This documentary narrated by David Attenborough was filmed at the Natural History Museum, London, and uses state of the art CGI imagery to bring to life several extinct animals in the ...
See full summary »
Famous naturalist David Attenborough explains the rise and fall of pterosaurs, mistakenly known as flying dinosaurs. He also flies a glider to show how big the Quetzalcoatlus, at the time the largest known pterosaur species, really was.
Filmed in one of the most extreme and hard-to-reach locations in the world, 'Galapagos' explores the unique environments and species of the Galapagos. It will take viewers on a voyage to ... See full summary »
Simon De Glanville,
David Attenborough revisits the Great Barrier Reef after nearly 60 years. His visit takes him from the most exposed part of the reef as well as down to 300m below the surface discovering corals never seen before.
3D technology reveals a whole new dimension in the lives of plants, from the most bizarre to the most beautiful. In this sensational series, shot over the course of a year, David ... See full summary »
This documentary narrated by David Attenborough was filmed at the Natural History Museum, London, and uses state of the art CGI imagery to bring to life several extinct animals in the museum, including Archaeoptery, the Moa Ratite bird (Dinornis) and Haast's eagle. The documentary was well-received, and won a TV BAFTA in the specialist factual category.
Right after sir Attenborough says "we've got a pretty good idea of what it looked like" regarding the dinosaur Diplodocus, it cuts to a closeup of its front feet, which are modeled incorrectly. They are flat and stocky, with the whole "palm" resting on the ground, and it has five claws. In reality, Diplodocus' feet were slender, tall and C-shaped in cross-section because they only stood on the tips of their toes. And all but the innermost toe lacked any sort of claw or hoof. See more »
Museum skeletons coming to life with David Attenborough
As said many times, David Attenborough is a national treasure. He may apparently dislike the term, but it is hard to not say that about such a great presenter who has contributed significantly to some of the best documentaries there's ever been.
It is really hard picking favourites, let alone a definite favourite, among what Attenborough has done because he has done so many gems, it is the equivalent of trying to choose your favourite ice cream flavour or your favourite operatic role (for examples) and finding you can't pick. 'David Attenborough's Natural History Museum Alive' is yet another wonderful effort from him, can the man do any wrong? My one minor complaint is that there could have been a little more of the scenes in the museum and the skeletons of the extinct creatures in action and a little less of the making of series (still very interesting if not as illuminating). 'David Attenborough's Natural History Museum Alive' may not be one of the best or most ground-breaking of his work, but when it comes to entertainment value and accessibility for all ages it is right up there and the concept for Attenborough is a unique one.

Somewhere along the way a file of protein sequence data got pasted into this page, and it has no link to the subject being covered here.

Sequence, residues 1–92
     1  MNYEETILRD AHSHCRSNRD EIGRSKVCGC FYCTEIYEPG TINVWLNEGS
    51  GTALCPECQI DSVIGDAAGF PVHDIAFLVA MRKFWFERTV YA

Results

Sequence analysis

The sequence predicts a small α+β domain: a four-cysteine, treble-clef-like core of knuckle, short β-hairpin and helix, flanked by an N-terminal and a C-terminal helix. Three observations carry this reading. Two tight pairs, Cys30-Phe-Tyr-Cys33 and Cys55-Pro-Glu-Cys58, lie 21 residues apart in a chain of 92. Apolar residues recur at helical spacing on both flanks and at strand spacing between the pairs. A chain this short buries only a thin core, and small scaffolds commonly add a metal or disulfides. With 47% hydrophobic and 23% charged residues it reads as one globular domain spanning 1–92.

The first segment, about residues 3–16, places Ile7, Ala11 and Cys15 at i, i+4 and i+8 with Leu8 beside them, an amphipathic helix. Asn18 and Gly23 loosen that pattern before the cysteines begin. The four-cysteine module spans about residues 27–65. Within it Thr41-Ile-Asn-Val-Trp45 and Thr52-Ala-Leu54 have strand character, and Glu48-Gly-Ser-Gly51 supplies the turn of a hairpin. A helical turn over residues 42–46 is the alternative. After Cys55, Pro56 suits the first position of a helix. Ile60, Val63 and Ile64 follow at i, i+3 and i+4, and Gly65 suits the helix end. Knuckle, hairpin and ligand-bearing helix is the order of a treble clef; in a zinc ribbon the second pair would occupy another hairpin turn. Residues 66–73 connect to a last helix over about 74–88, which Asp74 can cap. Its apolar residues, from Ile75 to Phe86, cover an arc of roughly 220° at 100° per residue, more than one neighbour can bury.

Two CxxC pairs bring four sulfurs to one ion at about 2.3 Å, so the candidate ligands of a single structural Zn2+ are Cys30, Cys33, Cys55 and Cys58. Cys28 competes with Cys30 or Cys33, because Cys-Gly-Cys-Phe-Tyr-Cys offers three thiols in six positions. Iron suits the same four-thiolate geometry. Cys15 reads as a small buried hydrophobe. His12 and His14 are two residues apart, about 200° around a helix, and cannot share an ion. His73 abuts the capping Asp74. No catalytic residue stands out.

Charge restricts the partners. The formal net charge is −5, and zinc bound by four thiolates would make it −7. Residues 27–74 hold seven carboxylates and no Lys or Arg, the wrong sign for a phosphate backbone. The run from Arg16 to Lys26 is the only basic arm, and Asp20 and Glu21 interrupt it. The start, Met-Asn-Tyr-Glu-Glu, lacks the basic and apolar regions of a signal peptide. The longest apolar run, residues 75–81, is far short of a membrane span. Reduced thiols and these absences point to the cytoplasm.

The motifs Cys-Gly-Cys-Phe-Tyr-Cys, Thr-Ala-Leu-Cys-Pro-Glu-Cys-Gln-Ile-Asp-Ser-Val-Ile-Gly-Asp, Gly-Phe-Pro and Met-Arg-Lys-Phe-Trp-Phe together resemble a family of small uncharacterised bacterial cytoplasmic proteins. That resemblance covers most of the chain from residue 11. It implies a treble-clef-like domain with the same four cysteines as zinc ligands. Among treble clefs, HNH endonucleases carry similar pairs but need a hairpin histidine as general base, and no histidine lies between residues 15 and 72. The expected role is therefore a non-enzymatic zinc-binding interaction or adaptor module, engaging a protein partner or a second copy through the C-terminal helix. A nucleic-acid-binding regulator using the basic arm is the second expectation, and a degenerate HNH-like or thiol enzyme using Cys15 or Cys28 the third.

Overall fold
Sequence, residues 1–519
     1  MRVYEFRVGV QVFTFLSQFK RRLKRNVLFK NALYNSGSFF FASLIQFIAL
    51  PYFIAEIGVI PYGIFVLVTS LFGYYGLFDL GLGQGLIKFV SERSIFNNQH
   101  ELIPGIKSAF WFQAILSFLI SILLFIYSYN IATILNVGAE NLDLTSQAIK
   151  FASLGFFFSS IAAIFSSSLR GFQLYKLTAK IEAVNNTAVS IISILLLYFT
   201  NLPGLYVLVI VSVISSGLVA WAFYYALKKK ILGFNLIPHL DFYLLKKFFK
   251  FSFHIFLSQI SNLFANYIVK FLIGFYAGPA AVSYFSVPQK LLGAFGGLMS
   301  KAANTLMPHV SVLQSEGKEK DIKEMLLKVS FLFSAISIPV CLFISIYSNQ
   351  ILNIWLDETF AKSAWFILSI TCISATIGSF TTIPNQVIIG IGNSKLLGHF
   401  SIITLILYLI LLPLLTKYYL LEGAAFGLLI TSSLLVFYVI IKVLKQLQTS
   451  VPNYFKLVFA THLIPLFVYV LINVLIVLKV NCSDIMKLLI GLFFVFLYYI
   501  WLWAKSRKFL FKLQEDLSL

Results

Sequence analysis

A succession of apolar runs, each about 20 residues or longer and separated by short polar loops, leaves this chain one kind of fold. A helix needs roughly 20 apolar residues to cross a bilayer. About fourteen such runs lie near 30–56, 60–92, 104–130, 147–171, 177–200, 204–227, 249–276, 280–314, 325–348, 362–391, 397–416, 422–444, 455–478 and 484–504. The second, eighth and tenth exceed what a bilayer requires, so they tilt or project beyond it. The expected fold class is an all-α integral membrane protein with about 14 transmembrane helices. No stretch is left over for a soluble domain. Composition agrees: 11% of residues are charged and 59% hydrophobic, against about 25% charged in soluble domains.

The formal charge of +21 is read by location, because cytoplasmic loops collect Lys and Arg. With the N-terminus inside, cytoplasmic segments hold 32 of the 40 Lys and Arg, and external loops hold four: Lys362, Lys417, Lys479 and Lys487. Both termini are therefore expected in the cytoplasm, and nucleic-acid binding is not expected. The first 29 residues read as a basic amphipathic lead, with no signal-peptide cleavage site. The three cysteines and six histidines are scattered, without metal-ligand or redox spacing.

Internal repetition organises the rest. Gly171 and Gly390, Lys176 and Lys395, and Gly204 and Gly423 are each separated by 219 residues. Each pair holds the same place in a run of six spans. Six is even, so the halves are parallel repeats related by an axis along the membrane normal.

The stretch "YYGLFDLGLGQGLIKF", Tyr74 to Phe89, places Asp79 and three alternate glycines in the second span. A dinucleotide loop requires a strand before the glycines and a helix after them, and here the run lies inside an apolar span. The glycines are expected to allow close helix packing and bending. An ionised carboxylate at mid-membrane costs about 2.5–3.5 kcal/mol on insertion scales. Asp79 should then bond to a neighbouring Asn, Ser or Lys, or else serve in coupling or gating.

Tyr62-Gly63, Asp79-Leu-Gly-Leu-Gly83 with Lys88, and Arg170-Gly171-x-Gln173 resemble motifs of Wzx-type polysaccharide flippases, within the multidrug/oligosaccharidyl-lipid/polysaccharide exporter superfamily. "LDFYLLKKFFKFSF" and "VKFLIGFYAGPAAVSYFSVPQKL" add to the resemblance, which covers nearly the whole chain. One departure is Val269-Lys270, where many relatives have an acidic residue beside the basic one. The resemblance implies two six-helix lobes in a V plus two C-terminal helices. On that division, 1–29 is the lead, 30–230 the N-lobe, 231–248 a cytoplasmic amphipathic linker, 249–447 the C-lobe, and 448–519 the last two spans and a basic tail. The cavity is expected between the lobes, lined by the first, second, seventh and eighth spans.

As always with Attenborough's work, it looks wonderful visually. is gorgeously filmed, done in a completely fluid and natural, sometimes intimate way and some of it has a cinematic quality. The editing is always succinct and smooth and the Museum setting leaves one in wonder and is just as fascinating as the information given.
CGI is excellent, adding to the experience instead of distracting. Special effects for skeletons have rarely been more vivid. A perfect example of how CGI has advanced significantly over-time when done and used well like here. Only, as mentioned in the goofs section, the incorrect modelling of the diplodocus' feet disappoints a little but this is a nit-pick. The shorter 3D version is also well worth checking out, the 3D also is done to a very impressive standard and doesn't feel pointless. It's not just how the effects look, they also have personality that allows one to care for them in the same way as one would for a human.
Music fits very well, never overly grandiose while never being inappropriate while also being a beautiful score in its own right.
Even if not ground-breaking in terms of information and subject, what we are told is incredibly informative and really entertains. The science is not dumbed down, a potential danger when trying to appeal to a younger audience. In terms of the facts there was a very good mix of the known ones and the unknown.
Attenborough's contribution as always helps quite a bit. He clearly knows his stuff and knows what to say and how to say it. He delivers it with his usual richness, soft-spoken enthusiasm and sincerity, never talking down to the viewer and keeping them riveted and wanting to know more.
In conclusion, not one of Attenborough's best but still delivers, which says a lot about how good his work is and how good a presenter/narrator he is. 9/10 Bethany Cox
3 of 4 people found this review helpful.
Was this review helpful to you?
| Report this